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Pres. Obama Challenges GOP to Help on Immigration Reform – Then Rewards Those Who Are Blocking It

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McCain and Kyl Get $500 Million in Border Security Funds and 1,200 National Guard Troops; These Former Champions of Comprehensive Reform Give President Nothing in Return

Washington, DC — Earlier today President Obama spoke with Republican Senators about the need for comprehensive immigration reform.  It then became known that he is calling for an additional $500 million in border funding and the deployment of up to 1,200 National Guard troops to the border.  The following is a statement by Frank Sharry, Executive Director of America’s Voice in response to today’s developments.

President Obama went into the Lion’s Den today and challenged Republicans to work with him on comprehensive immigration reform.  So far, so good.  But he left the Lion’s Den having given into the key GOP demand of “border security first” without getting anything in return. Say what? 

Talk about one step forward and two steps back.

President Obama no doubt was eloquent in making his case for comprehensive immigration reform.  He gets it.  He is right when he says the only realistic solution to illegal immigration is a comprehensive overhaul that augments border security measures with a crackdown on illegal hiring that turns off the jobs magnet, a requirement that those in the U.S. illegally come forward and meet certain requirements in order to work towards citizenship, and reforms of our legal immigration system going forward.  The combination will turn a chaotic and broken immigration system into a legal and orderly one.

Then we learned that the President is asking Congress for half a billion in funding for border security and is planning to deploy up to 1,200 National Guard troops as well.  This is remarkably similar to what Senators John McCain and Jon Kyl have been demanding recently.  McCain and Kyl, former champions of the kind of comprehensive reform that President Obama advocates, both have turned their back on the approach they fought hard for in the past.  They have even embraced the “ask your papers” law approved on a party line vote by the Republican-dominated Arizona legislature.  They now repeat the vacuous sound-bite of “border security first” and have most of the GOP repeating it ad nauseum.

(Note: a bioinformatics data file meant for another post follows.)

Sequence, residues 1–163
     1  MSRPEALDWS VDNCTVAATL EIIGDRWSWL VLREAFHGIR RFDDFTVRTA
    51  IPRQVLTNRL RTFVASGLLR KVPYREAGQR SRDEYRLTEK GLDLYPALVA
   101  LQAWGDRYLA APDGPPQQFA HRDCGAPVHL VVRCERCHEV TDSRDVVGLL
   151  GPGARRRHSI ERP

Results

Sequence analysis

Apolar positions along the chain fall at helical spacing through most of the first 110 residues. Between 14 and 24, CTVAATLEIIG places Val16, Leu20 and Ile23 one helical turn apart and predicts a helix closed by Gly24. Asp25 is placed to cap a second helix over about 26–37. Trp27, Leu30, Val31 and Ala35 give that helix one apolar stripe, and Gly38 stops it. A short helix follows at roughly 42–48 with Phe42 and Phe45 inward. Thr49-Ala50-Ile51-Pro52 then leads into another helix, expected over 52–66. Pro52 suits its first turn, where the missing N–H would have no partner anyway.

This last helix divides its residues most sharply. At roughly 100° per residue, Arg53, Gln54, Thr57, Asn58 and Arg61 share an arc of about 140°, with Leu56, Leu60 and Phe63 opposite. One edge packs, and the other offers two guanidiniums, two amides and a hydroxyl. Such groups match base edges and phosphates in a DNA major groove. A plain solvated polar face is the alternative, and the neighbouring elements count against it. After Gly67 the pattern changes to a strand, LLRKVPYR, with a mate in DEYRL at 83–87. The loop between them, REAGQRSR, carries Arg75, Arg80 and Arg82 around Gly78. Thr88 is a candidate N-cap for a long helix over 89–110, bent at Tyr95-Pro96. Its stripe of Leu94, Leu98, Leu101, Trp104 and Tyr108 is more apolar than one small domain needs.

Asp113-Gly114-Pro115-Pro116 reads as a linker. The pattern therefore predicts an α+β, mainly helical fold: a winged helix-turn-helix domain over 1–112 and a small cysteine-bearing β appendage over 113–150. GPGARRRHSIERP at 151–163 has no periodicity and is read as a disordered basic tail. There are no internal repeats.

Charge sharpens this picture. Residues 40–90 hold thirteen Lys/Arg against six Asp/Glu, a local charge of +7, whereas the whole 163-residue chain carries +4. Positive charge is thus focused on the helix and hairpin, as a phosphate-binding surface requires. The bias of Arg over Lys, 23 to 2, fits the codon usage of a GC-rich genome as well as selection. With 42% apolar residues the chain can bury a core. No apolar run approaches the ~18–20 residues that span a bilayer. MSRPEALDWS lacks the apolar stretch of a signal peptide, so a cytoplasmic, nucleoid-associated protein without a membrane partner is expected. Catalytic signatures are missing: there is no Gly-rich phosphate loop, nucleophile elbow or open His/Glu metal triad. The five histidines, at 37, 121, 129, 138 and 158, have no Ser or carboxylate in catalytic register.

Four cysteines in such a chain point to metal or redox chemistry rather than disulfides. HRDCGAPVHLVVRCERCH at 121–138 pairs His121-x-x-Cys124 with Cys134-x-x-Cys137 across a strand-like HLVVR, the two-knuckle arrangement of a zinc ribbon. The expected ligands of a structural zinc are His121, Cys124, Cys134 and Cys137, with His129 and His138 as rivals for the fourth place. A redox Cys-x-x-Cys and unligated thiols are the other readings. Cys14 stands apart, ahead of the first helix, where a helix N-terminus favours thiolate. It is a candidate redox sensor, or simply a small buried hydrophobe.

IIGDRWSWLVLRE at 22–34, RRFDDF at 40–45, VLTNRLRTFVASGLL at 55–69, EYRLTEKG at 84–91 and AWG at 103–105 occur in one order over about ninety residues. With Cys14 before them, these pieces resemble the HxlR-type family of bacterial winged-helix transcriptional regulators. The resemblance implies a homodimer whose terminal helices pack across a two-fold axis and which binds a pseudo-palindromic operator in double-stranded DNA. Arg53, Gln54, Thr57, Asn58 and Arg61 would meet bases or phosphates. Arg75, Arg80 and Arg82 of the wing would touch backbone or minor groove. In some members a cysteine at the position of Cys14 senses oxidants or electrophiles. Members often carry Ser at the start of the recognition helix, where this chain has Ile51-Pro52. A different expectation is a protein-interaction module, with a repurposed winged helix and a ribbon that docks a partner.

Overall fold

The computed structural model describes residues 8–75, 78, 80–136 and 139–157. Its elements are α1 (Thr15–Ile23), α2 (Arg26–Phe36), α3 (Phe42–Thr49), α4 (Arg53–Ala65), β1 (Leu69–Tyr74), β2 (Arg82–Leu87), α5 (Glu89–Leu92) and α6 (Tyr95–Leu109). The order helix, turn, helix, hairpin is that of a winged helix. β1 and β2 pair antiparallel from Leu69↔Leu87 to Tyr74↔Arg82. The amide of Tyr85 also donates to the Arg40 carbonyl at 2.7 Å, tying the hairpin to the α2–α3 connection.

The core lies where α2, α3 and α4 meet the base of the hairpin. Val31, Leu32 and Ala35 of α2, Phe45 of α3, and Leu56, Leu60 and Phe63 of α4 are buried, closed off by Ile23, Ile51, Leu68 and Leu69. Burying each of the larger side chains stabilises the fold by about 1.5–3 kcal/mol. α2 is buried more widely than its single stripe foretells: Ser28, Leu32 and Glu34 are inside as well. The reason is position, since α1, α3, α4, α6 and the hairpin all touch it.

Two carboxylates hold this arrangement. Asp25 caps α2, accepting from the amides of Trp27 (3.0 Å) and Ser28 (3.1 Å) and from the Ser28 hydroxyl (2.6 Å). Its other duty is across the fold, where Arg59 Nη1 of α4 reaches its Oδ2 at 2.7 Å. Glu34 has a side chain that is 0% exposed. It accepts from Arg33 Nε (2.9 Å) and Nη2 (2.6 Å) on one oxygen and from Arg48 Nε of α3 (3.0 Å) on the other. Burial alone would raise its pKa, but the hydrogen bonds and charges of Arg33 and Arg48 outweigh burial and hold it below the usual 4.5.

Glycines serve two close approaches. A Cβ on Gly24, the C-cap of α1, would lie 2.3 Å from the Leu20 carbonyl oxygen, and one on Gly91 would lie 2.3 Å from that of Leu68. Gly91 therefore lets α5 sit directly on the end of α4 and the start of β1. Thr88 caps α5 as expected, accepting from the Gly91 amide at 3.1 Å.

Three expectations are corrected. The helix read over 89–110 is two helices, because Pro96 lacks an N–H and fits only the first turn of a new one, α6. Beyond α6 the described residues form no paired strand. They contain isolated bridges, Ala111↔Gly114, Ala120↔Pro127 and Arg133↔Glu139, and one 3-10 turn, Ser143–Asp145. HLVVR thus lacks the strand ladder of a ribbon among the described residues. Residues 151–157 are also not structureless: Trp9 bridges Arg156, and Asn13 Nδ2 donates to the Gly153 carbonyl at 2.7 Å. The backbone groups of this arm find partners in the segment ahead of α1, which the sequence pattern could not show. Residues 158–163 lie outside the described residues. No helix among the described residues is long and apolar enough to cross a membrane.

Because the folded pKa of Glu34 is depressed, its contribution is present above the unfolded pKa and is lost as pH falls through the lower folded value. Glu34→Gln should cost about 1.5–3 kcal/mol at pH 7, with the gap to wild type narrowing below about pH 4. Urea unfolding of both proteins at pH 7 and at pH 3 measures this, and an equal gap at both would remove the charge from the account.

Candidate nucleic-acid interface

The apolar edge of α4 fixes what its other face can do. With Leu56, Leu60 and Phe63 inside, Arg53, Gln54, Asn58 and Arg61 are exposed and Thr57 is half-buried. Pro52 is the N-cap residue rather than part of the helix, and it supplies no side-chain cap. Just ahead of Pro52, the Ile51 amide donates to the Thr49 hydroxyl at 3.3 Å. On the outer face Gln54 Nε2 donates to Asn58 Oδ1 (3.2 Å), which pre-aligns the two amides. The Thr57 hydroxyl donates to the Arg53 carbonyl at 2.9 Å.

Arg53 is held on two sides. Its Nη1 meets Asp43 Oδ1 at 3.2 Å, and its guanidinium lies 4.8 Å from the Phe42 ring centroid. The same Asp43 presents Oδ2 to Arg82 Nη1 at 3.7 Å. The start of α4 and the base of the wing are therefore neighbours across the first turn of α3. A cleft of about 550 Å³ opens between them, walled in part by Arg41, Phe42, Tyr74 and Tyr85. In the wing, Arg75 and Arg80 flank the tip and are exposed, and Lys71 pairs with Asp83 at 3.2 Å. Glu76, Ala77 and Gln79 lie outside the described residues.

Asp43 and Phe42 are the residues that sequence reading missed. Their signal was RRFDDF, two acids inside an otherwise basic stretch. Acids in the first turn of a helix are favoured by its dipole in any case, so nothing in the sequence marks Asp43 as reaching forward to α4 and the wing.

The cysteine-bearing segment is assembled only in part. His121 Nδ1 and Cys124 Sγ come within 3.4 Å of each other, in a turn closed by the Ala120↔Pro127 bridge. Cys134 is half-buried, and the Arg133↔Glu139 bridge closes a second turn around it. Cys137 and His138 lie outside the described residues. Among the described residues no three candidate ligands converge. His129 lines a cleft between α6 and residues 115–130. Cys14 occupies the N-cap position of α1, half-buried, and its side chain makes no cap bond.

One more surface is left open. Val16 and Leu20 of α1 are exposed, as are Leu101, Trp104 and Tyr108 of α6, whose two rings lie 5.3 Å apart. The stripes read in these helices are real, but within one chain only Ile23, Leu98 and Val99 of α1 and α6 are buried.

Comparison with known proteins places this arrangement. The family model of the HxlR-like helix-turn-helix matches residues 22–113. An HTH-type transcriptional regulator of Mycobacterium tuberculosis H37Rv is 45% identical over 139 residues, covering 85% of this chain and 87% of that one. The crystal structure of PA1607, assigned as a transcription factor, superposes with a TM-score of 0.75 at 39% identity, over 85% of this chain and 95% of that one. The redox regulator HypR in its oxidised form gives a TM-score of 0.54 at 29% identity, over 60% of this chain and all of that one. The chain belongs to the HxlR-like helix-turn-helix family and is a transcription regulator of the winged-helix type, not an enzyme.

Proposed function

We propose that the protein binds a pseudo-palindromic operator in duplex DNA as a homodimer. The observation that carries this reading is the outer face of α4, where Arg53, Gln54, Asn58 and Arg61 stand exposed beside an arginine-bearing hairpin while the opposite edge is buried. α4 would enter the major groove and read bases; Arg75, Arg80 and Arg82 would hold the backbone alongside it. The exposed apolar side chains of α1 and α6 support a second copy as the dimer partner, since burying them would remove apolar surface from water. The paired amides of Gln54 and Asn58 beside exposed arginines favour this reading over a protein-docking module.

What’s wrong with “border security first?”  It sounds seductive.  But it’s a trap.  “Border security first” means border security never. 

Here’s why.  When it comes to ending illegal immigration, border enforcement is necessary but insufficient.  By itself it has not and will not work.  A border-only strategy does nothing to stop the jobs magnet that is luring unauthorized immigrants here in the first place. It does nothing to stop unscrupulous employers from hiring cheap labor at cheap wages, undermining US workers. It does nothing to bring 11 million unauthorized immigrants into the system legally.  It does nothing to deal with the fact that some illegal workers and most bad actor employers fail to pay their full and fair share of taxes.  It does nothing to reform our legal immigration system so that it can respond flexibly to future labor market needs.